“El imaginario dominante dentro de la coyuntura neoliberal es reductivista, determinista, teleológico y trata de convencernos de que la historia es inevitable y que lo único que podemos hacer es seguir las consecuencias… La contra-historia es un intento de transformar metodológicamente nuestras herramientas de comprensión histórica para tener una aprehensión diferente del orden mundial contemporáneo”, dice el filósofo, crítico cultural y activista Gabriel Rockhill (FRA/USA), con quien BIENALSUR inaugura un ciclo de conversaciones íntimas, de puesta en foco de ideas y pensamientos. Rockhill estudió con algunas de las voces más sobresalientes de la filosofía francesa, incluyendo a Derrida, Irigaray, Balibar y Badiou. Es profesor de filosofía en la Universidad de Villanova y director fundador del Critical Theory Workshop y conocido por sus revolucionarios trabajos sobre historia, estética y política publicados en nueve libros y numerosos artículos, una obra cuya primera compilación en español será publicada por la Universidad Nacional de Tres de Febrero en 2021 a través de un número especial de la revista Estudios Curatoriales.
“The dominant imaginary within the neoliberal conjuncture is reductivist, deterministic, teleological and tries to convince us that history is inevitable and that the only thing we can do is to follow the consequences… Counter-history is an attempt to methodologically transform our tools of historical understanding to have a different apprehension of the contemporary world order”, says philosopher, cultural critic and activist Gabriel Rockhill (FRA/USA), with whom BIENALSUR inaugurates a cycle of intimate conversations and focused debatesRockhill studied with some of the leading luminaries of French theory, including Derrida, Irigaray, Balibar and Badiou. He is Professor of Philosophy at Villanova University and Founding Director of the Critical Theory Workshop being known for his revolutionary works on history, aesthetics and politics published in nine books and numerous articles, a work whose first compilation in Spanish will be published by UNTREF in 2021 through a special issue of the journal Estudios Curatoriales.
I’m excited to have the opportunity to discuss this extremely important book with the author, William I. Robinson, and Jennifer Ponce de León at 4 p.m. EST on October 24. The discussion will take place online, via the Critical Theory Workshop, and it is free and open to the public. Click here for all of the details.
I’m thrilled to have the opportunity to present my research on a counter-history of liberalism and fascism at this conference at UC Santa Cruz on October 10th and 11th:
I’m excited to have the opportunity to participate in this event organized by Michael Lardner for the Marxist Education Project.
The Critical Theory Workshop will by launching its symposia series on April 26th, 2019, and I will be presenting my research on the consequences of the CIA’s cultural Cold War on the international theory industry. Click here for additional details.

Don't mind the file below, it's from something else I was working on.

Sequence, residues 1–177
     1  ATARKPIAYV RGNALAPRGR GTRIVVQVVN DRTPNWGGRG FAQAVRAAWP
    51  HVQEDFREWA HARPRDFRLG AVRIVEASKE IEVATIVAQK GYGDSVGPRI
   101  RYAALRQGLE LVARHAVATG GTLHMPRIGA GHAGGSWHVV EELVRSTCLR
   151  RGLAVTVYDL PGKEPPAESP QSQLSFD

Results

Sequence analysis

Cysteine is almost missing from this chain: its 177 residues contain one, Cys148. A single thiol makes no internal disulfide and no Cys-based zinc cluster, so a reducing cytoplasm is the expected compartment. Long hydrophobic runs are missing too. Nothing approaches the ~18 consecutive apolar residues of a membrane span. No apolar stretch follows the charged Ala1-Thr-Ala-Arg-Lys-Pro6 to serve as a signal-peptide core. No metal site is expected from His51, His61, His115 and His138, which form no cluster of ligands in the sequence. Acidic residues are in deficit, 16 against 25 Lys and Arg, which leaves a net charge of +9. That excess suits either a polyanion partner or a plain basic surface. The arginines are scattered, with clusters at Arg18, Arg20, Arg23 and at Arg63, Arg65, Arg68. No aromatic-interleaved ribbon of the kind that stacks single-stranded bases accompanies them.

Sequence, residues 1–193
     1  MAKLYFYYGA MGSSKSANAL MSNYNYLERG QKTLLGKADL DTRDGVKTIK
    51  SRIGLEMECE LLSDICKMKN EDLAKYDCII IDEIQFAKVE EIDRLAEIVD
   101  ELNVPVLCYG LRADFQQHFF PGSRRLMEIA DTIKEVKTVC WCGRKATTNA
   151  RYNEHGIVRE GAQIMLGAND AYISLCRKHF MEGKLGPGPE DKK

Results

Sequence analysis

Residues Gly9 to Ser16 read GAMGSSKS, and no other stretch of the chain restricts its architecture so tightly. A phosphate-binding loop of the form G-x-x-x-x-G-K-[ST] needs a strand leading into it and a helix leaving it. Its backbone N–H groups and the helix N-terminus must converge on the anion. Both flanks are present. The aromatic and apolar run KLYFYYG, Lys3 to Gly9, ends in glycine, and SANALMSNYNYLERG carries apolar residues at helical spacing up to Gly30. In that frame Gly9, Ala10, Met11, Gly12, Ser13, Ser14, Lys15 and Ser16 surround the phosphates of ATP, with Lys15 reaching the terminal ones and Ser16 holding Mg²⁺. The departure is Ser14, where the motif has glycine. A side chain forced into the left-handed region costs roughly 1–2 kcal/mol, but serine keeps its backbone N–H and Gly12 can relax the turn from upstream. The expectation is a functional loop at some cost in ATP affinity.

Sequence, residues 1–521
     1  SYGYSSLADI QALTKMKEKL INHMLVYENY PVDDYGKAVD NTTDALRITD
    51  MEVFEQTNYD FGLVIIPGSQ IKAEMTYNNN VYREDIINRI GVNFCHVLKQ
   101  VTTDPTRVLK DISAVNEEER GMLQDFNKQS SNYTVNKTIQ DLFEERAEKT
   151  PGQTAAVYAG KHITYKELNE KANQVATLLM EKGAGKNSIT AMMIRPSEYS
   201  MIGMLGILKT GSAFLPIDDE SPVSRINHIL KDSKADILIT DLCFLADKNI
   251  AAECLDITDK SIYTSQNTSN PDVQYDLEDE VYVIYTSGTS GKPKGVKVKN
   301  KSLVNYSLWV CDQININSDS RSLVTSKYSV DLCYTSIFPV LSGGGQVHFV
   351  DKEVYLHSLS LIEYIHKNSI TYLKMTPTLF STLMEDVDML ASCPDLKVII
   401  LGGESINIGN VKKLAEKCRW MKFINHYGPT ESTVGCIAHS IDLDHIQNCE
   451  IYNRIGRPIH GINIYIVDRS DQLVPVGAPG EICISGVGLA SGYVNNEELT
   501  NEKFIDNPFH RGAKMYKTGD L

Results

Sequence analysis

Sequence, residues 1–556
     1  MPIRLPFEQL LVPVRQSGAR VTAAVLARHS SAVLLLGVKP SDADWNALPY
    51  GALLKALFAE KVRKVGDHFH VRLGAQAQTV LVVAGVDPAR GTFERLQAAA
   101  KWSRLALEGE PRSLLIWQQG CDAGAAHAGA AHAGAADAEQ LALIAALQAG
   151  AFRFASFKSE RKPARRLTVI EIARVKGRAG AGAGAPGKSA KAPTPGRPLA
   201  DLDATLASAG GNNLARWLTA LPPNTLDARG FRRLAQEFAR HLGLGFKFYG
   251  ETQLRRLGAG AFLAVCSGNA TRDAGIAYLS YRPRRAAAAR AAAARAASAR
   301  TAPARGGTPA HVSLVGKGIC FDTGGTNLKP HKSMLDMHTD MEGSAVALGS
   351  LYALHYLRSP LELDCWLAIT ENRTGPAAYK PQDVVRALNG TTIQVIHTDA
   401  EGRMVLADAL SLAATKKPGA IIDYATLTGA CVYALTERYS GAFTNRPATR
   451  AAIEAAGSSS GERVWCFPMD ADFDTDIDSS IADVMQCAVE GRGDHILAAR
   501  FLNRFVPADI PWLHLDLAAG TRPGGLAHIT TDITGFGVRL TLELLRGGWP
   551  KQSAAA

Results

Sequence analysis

I am very pleased to have the opportunity to present with Jennifer Ponce de León at the International Art and Theory Program in New York tomorrow, April 18th, from 5:30 to 7 p.m. We will be discussing third cinema and the limits of decolonial theory in the framework of our ongoing research on aesthetics and revolutionary politics.
I am excited to have a public conversation with Boots Riley at Villanova!
I will be giving the seminar below on March 23rd from 10 a.m. to 2 p.m. at Incite Seminars in downtown Philadelphia, in collaboration with the Critical Theory Workshop.
AESTHETICS: TOWARD A RADICAL HISTORY
This seminar will explore some of the most vexing questions in the history of aesthetics: What is art? How does it relate to the ‘real’ world of politics and society? How has it developed and changed over time? It will examine some of the responses given to these questions by major thinkers like Georg Lukács, Herbert Marcuse, Jean-Paul Sartre, Susan Sontag and Jacques Rancière. This will lead to a broader interrogation into the very presuppositions that structure these types of questions, as well as their answers, thereby opening space for a tectonic shift in our understanding of aesthetics, its social roles, and its history.
In its broadest sense, this shift will lead from an understanding of aesthetics as having a more or less fixed nature to one in which it is radically historicized by being recognized as a dynamic social product of certain cultures. Examining the networks of production, circulation and reception operative in what is called art in the modern ‘Western’ world, with an eye to its variations across time, space and social strata, this course inspects how the European world has developed—and then attempted to universalize—a very unique concept and practice of aesthetics, which is bound up in various ways with colonial expansion and the capitalist exhibition of symbolic goods.
Reading: Gabriel Rockhill, Radical History & the Politics of Art
Recommended Film: Chris Marker and Alain Resnais, Statues also Die
: Saturday, March 23, 10am-2pm
: Click here
Je suis ravi de pouvoir participer — par visioconférence, malheureusement — à ce colloque sur les théories critiques franco-allemandes, qui aura lieu le 18 février à l’Université Paris Nanterre. Un grand merci à Pauline Julien et à Aurélia Peyrical pour avoir établi ce beau programme. Si vous êtes à Paris, n’hésitez pas à venir !